Commentary & Opinion
HIV Testing Should Be Conducted Among Inmates Entering, Exiting Prisons, Editorial Says
January 31, 2007
A bill expected to be introduced soon in the House that would require inmates to be tested for HIV as they enter and exit federal prisons is a "step in the right direction," a Los Angeles Times editorial says. The bill, sponsored by Rep. Maxine Waters (D-Calif.), would make routine HIV testing part of the comprehensive medical exam inmates receive when they enter prisons and would provide counseling before and after the test, the editorial says. In addition, the bill would give prisoners the option to opt out of the test and would increase HIV education programs for inmates and confidentiality training for prison staff, according to the Times. Waters introduced a similar bill last year, according to the editorial. Although research indicates that male prisoners are three to five times more likely to be HIV-positive than people in the general population, most prisons conduct HIV tests only when an inmate exhibits symptoms of HIV or when "body fluids have been exchanged in detectable incidents, such as fights," according to the Times. In addition, because two-thirds of inmates in the U.S. are black or Hispanic men, the "consequences of unprotected sex in prisons have been particularly devastating for minority communities," the editorial says. The editorial adds that HIV prevalence among men who have sex with men, as well as among the female partners of former inmates, has "skyrocketed." According to the editorial, when Waters announced the bill, she "lambasted national leaders" for their "morally reprehensible" silence on HIV/AIDS and said that fear and stigma should not block efforts to reduce the spread of HIV. However, the editorial adds that after Waters introduced the similar bill last year, the American Civil Liberties Union, members of Congress and other groups "lined up against" mandatory HIV testing, "arguing that HIV-positive inmates endure violence and discrimination." According to the editorial, not testing inmates would be "deliberate and potentially life-threatening ignorance" and is not a solution to the problems of violence and discrimination. The editorial says that mandatory HIV testing in prisons is "vital not just for the health of inmates and their partners but for policymakers in understanding what goes on in the nation's disgracefully dysfunctional prisons," concluding, "Now if only the state of California would follow suit" (Los Angeles Times, 1/31).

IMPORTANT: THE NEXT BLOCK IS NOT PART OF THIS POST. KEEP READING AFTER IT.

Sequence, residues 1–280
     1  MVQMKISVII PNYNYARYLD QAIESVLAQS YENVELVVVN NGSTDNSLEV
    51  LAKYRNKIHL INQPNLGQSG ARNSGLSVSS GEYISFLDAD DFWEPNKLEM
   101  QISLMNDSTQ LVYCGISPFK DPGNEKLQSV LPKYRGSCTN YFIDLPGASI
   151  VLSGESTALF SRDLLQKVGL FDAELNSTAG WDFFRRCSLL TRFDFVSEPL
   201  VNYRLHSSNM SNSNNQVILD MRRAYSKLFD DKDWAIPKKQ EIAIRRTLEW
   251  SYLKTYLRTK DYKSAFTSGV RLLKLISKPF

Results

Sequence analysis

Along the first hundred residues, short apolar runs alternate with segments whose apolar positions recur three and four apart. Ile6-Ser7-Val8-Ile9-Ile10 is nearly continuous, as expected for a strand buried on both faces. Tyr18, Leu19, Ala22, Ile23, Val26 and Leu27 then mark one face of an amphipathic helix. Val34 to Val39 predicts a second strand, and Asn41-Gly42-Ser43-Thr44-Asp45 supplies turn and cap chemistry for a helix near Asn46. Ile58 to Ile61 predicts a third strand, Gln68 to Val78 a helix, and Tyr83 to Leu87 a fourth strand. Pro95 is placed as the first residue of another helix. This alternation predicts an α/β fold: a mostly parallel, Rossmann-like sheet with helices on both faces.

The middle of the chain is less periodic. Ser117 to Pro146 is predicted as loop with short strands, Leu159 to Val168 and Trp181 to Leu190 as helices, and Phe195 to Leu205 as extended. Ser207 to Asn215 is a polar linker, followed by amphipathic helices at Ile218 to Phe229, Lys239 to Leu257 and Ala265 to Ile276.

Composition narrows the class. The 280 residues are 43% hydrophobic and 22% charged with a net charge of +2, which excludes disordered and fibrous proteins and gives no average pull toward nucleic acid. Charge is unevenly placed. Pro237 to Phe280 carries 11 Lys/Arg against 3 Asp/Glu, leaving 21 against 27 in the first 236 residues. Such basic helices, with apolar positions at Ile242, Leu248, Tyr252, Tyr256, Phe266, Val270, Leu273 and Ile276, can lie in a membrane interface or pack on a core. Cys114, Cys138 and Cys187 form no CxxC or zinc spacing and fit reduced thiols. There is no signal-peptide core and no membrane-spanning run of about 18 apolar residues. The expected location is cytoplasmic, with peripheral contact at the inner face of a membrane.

This article was provided by Henry J. Kaiser Family Foundation. It is a part of the publication Kaiser Daily HIV/AIDS Report. Visit the Kaiser Family Foundation's website to find out more about their activities, publications and services.